I’ve always been a fan of Julian’s music, photography, and his philanthropic work, so I already knew about all the good White Feather does in the world and all the diverse causes it contributes to. When I had my son, I found Julian’s White Feather Flier children’s books and read them to him. My son really loved those books. Between being inspired by that book series to knowing White Feather touches on so many things that are important to me like taking care of our planet, providing clean water to those that need it to educating girls around the world, I decided it would be a natural fit to have my first book benefit The White Feather Foundation.
TWFF: UNESCO states that 773 million people worldwide are illiterate. What do you think can be done to help solve this issue and teach more people how to read?
CD: I believe education is the key to everything. Having accessibility to books and other resources for all children is paramount to solving illiteracy. And even though social media is a double edge sword, it has brought about this global connection which has given so many issues and voiceless groups — that would otherwise be unknown / unheard — a light. I think this is why there are more and more companies emerging with philanthropic missions at their core — companies that want to make a difference and have a positive impact — for purpose; not just profit, companies like Bushel and Peck who are getting books into the hands of those that need them and making education more accessible to children everywhere. I think that’s the beginning of the solution.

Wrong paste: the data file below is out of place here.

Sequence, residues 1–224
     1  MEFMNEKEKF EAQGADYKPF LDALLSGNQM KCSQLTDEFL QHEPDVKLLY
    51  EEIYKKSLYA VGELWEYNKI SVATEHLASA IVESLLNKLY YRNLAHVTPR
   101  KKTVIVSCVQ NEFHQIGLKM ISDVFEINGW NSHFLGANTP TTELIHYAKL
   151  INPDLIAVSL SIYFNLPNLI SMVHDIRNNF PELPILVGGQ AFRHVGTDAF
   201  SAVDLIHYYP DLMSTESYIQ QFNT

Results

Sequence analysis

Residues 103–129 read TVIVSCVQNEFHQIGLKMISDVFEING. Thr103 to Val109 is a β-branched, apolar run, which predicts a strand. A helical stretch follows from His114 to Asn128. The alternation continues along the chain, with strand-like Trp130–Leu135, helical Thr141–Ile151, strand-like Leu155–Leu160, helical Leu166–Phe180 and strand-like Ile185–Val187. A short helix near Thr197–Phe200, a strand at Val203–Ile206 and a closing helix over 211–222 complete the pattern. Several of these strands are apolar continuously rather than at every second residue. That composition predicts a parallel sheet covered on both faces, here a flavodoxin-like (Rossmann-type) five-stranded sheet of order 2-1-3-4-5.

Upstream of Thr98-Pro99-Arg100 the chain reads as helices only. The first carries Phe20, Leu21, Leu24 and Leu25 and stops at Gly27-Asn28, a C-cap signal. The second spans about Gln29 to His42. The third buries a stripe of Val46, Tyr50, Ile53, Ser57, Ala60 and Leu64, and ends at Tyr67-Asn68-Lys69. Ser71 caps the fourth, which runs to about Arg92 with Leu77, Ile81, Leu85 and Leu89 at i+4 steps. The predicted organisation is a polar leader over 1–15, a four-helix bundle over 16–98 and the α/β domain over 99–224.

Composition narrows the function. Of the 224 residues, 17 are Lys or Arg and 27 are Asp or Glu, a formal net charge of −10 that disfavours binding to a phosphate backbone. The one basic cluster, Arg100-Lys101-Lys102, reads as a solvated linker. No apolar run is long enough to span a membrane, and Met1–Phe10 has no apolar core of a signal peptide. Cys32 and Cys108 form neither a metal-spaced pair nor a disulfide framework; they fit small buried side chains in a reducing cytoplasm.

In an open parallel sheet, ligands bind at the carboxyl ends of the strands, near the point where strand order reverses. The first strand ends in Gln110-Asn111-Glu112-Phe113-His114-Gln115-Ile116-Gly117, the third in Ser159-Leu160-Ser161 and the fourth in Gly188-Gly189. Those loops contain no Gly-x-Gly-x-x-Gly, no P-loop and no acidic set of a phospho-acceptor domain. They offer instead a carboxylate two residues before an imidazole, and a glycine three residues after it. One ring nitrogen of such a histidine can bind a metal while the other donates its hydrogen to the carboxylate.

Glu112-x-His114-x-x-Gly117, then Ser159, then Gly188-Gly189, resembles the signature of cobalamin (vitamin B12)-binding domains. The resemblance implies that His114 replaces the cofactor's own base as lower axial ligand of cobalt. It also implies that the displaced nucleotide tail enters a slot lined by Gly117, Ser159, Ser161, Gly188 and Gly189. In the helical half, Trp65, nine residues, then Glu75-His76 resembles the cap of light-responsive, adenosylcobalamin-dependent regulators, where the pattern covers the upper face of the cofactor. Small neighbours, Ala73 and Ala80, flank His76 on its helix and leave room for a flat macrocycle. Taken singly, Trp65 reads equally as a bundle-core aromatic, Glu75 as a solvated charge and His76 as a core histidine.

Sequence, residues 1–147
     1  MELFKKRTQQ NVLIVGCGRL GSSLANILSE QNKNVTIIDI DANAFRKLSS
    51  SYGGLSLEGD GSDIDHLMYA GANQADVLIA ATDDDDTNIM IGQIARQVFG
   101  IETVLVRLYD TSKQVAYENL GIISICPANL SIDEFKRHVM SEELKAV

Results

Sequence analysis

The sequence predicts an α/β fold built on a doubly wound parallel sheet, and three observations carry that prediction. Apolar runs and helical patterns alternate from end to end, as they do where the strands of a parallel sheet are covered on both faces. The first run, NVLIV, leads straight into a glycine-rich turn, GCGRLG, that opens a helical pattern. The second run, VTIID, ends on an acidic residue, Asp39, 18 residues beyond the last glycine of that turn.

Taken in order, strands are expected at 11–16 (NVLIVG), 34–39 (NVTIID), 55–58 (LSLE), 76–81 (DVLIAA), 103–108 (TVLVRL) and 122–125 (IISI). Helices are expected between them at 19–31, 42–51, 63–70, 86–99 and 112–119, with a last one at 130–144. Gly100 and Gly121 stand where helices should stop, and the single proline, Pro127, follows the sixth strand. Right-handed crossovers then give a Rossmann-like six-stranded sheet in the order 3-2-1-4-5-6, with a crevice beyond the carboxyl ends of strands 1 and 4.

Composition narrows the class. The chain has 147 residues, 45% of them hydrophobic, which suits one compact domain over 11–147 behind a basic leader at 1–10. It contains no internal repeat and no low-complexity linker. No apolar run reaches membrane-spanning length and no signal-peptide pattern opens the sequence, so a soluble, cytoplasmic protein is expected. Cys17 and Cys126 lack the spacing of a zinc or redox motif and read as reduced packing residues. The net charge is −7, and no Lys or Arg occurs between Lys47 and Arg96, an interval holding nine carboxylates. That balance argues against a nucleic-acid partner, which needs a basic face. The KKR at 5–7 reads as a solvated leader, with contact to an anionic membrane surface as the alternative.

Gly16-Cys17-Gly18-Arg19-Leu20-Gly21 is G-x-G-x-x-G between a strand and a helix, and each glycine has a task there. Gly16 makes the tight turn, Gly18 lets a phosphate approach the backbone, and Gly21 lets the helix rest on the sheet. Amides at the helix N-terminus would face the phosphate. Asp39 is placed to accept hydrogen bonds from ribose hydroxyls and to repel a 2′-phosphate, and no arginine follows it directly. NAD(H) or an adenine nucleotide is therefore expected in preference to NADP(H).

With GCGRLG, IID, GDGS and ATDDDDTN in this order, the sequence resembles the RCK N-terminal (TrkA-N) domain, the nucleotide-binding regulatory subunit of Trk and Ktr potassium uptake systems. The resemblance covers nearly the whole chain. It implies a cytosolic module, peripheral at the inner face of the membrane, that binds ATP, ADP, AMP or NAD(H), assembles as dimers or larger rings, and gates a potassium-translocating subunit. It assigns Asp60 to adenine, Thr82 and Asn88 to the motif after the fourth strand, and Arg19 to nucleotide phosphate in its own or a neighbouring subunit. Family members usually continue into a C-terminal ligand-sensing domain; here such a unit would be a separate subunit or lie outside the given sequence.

TWFF: Our planet is currently facing a lot of challenges, both environmentally and socially. What advice would you give children today—the audience who will be reading your book?
CD: I would tell children that they have the ability to make this world a better place. To find something that is meaningful to them; whether that’s making no-sew beds for homeless animals so they’re more comfortable in their shelter, to picking up trash on the beach, to donating a few boxes of food from their pantry to a local food bank, to having a lemonade stand and raising money to donate to a local charity, to giving away some toys or books they no longer need to a children’s home. As small as those things seem, one little act can have huge ripple effects; therefore, they have the power in their actions to change the world. They just need to start with one little thing.
TWFF: In today’s world, where do you find hope?
I find a lot of hope talking to kids. So many children have these amazing passions and are inspired to make a difference. For this reason, I’ve stopped asking children I talk to what they want to be when they grow up, and rather what they want to do to change the world. A lot of kids have this innate feeling that they want to make an impact and give back, but over time lose that drive and start feeling powerless. What can one person do after all? But if adults help keep that momentum going for kids when they’re young, encourage and inspire them to keep those big ideas and ambitions, I think we’d have more fulfilled people and a better world.
TWFF: Where can we order your book?
TWFF: Where can our supporters follow your work online?